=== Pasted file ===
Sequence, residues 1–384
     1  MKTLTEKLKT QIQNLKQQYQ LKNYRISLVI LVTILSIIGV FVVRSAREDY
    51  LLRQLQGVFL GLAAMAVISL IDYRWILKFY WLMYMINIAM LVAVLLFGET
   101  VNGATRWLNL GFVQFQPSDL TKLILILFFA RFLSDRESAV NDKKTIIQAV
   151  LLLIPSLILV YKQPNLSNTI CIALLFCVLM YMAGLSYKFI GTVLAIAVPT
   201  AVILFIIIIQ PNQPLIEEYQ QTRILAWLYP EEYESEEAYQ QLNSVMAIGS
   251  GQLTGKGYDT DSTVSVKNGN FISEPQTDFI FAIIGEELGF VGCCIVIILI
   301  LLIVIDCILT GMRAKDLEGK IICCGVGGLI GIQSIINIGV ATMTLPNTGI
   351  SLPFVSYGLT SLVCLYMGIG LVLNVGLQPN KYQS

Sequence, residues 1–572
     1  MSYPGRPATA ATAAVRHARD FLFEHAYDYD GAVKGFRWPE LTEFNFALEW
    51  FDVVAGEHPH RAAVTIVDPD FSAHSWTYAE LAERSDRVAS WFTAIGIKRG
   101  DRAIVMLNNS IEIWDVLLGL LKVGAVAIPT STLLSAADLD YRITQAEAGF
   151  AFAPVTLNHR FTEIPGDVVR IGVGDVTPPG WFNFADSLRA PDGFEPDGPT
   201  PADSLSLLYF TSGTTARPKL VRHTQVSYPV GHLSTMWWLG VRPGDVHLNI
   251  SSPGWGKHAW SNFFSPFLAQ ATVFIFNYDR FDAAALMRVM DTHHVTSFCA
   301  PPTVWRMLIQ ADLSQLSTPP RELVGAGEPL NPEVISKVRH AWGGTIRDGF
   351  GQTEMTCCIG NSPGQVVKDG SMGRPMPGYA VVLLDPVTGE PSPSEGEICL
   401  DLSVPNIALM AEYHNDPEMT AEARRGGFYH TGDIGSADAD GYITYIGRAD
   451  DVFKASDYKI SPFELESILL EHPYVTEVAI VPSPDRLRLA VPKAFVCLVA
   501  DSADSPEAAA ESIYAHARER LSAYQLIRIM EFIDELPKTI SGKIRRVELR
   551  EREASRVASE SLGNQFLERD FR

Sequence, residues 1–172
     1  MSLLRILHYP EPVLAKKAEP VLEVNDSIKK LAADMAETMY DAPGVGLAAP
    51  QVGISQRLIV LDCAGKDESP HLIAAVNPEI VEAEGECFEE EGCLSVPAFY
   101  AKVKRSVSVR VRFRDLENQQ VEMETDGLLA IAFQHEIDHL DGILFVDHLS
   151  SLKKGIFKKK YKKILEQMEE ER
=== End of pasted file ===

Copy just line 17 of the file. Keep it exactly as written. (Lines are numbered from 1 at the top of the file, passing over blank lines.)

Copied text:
   301  PPTVWRMLIQ ADLSQLSTPP RELVGAGEPL NPEVISKVRH AWGGTIRDGF